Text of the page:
Note: this article is about guidance in the Netherlands. Do you know agencies in your own country that provide similar care? Please let us know by emailing us at and we will add it to this article!

What does my student see and what doesn’t he? Are there any adjustments needed in the classroom? Won’t my classmates think my aids are weird?
Won’t my son be bullied more quickly because he is visually impaired? Will my little daughter be able to participate in gymnastics?

These are questions that I get asked regularly in my daily work. My name is Henk Benjamins, ambulatory educational supervisor with Visio Education in Haren.

Visio Education is part of Royal Visio, a national institution that deals with Research, Rehabilitation, Education and Living for the benefit of people – young and old – with visual impairment.

When a child with a visual impairment attends regular school, a lot of school things go just as they always do. Some things, however, go differently. This can raise questions with teachers and parents, but also for the child or adolescent or among fellow pupils. At Visio, we have specialized teachers – called itinerant educational assistants – of whom I am one, who can answer these questions and who support a visually impaired pupil in all school matters that are a little different. Together with my colleagues, I support not only the student but also the teachers and tutors at school. We do this in all forms of education and from preschool to student. For children and young people with a visual disability it is also nice to go to school or follow an education in their own environment. Because of the itinerant educational guidance this has been possible for many years and with success!

The goal of itineranty educational support is to enable a child or young person with a visual disability to participate in regular (or special) education as good as possible. The paediatrician, together with the pupil, the teachers and often also in consultation with the parents, looks at what is needed to make this possible. This could involve special aids, such as a laptop with magnification software or adapted teaching materials on A3, digital or in Braille, but also, for example, better lighting during schoolwork or extra time for a test or exam. Giving advice and teaching skills is customized, aimed at the specific situation and needs of the student or pupil. For example, a child or young person who is partially sighted as a result of, for example, Autosomal dominant optic atrophy (ADOA) requires different adjustments than a child with another visual disorder. On top of that, each child is also unique with their own personal characteristics and abilities.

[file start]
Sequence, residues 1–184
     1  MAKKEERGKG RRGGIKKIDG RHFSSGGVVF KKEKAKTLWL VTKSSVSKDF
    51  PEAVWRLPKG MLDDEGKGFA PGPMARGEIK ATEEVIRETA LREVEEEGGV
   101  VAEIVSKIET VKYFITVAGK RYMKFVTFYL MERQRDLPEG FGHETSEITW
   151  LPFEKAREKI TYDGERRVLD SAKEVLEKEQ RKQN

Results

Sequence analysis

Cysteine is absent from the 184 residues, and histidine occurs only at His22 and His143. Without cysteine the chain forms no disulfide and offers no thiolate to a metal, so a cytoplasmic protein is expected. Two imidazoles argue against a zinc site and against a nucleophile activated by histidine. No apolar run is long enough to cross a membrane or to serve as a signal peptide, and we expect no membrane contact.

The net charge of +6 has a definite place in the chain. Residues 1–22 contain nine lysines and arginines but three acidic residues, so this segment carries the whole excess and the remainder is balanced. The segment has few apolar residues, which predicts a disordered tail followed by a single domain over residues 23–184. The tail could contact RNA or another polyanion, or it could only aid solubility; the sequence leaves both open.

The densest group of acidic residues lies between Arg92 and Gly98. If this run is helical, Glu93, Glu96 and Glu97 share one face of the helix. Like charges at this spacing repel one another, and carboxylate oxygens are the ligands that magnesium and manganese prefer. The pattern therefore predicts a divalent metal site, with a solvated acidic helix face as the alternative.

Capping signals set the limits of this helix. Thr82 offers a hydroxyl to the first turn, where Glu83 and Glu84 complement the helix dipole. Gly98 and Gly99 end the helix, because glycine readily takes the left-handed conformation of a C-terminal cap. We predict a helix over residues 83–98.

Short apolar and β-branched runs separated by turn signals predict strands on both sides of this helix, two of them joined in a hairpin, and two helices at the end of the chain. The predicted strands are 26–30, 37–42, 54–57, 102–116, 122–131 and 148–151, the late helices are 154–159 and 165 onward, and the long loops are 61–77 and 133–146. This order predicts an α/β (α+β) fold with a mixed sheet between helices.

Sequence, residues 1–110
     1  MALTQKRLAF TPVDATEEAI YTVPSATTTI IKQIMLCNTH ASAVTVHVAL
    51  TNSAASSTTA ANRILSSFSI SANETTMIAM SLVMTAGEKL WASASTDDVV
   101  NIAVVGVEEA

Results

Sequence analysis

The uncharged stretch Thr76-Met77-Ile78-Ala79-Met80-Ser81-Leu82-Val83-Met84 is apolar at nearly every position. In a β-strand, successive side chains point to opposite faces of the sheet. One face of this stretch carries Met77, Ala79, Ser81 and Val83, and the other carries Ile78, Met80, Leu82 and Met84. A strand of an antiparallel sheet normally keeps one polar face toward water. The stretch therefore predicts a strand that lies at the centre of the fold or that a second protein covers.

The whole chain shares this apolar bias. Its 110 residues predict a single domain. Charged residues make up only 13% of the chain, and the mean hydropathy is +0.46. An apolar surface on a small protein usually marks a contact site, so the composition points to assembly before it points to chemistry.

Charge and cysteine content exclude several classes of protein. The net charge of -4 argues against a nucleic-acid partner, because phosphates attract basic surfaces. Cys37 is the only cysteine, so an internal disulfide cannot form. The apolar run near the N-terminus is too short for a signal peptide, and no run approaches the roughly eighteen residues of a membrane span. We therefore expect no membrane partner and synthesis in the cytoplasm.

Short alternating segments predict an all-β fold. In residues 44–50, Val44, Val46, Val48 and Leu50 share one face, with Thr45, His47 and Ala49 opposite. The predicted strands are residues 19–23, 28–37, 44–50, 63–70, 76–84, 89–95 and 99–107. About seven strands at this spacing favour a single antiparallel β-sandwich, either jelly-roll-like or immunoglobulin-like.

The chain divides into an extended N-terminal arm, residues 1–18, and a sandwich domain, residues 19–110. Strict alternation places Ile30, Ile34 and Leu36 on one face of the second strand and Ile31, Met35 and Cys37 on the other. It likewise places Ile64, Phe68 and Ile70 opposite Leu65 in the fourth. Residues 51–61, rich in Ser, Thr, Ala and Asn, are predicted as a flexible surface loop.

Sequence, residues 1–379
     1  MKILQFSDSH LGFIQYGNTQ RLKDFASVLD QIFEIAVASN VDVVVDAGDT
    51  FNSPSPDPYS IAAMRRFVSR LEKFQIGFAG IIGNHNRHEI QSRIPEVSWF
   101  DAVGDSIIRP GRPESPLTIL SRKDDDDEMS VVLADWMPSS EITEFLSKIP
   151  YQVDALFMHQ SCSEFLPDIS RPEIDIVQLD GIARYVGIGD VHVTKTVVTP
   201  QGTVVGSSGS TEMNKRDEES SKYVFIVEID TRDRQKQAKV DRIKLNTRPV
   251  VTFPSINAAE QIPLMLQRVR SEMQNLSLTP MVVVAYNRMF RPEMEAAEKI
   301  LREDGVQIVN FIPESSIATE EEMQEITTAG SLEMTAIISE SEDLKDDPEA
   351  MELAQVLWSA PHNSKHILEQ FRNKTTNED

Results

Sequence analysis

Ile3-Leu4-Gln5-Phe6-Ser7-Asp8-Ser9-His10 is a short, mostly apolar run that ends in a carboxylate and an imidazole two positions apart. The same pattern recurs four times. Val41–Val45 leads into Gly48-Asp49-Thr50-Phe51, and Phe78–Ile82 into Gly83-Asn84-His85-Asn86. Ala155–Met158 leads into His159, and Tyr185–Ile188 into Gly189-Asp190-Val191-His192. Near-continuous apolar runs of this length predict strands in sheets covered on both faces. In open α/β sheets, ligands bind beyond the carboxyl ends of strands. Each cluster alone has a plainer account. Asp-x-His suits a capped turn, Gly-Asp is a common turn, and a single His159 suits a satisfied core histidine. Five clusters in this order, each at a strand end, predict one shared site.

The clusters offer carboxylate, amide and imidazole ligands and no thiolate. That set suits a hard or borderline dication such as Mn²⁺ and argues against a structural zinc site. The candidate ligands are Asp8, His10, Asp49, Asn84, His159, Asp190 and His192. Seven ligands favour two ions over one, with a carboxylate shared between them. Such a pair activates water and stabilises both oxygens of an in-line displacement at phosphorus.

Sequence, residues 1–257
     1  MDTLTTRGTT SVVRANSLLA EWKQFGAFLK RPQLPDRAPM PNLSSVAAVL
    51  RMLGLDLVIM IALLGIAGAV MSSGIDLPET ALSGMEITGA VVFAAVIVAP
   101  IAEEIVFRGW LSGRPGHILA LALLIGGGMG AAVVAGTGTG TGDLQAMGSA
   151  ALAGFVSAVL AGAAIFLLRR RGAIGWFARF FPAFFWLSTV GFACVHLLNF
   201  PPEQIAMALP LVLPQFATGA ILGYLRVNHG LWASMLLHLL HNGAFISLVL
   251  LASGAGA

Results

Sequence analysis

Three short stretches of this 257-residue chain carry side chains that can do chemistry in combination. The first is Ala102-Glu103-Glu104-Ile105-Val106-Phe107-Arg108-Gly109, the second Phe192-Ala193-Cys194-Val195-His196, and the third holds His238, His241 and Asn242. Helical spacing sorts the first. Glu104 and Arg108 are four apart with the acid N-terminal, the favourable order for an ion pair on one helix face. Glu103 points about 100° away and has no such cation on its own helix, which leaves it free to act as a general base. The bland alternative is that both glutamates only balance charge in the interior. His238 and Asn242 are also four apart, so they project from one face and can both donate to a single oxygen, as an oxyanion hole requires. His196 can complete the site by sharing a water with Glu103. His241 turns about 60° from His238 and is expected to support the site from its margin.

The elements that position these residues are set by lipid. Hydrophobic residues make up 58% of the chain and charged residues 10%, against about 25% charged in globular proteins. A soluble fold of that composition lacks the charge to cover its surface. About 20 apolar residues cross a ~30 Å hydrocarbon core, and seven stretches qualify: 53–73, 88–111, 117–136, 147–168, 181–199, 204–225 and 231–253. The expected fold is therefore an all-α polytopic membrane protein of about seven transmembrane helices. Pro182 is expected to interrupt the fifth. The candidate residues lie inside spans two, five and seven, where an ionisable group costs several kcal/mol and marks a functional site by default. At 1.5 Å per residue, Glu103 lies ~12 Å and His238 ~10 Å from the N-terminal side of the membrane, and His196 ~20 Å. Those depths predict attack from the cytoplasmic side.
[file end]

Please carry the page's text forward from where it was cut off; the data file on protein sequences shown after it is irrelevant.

“I like to talk to my itinerant educational assistant about school and how best to approach something. For example, drawing with a thick pen is more convenient than with a pencil. And I have now exchanged my school books for digital books on a laptop. I also like that he explains to the teachers what condition I have and how they can best deal with it. Through simple tips like writing larger on the board or by sharing the image of the IWB with me and extra time during a test, the lessons are a lot less tiring for me”.

The itinerant educational guidance is not only aimed at good education, but also at the formation of the child or young person into a person who later, despite his or her disability, can participate fully in our society. In this process, the stimulation of self-direction of the child or young person is an important aspect. Furthermore, the educational supervisor thinks about the future possibilities of the student and informs the school and parents about the legal and financial regulations.

In secondary education, guidance takes on a different form than in primary education, and similarly in vocational training and higher education. Guidance is directed towards what is needed in the educational situation, working towards the young person being able to find his or her way independently with the right skills and necessary aids. The educational educator gradually takes on a more coaching role. Of course the responsibility for the education of the pupil or student lies and remains with the school concerned.

For questions that fall outside the expertise of the itineran educational assistant, he or she will refer teachers and parents to other support services within Visio. Examples include relevant activities and training, ophthalmological examinations, ICT training, automobility solutions (getting your driver’s license) by Visio Revalidatie & Advies. In short, the itineran educational assistant is the contact person for everything that is involved in the visual disability of the pupil or student at school.

General information about Visio can be found on their website: Royal Visio
For information or registration, please contact our Client Services Office: 088 585 85 85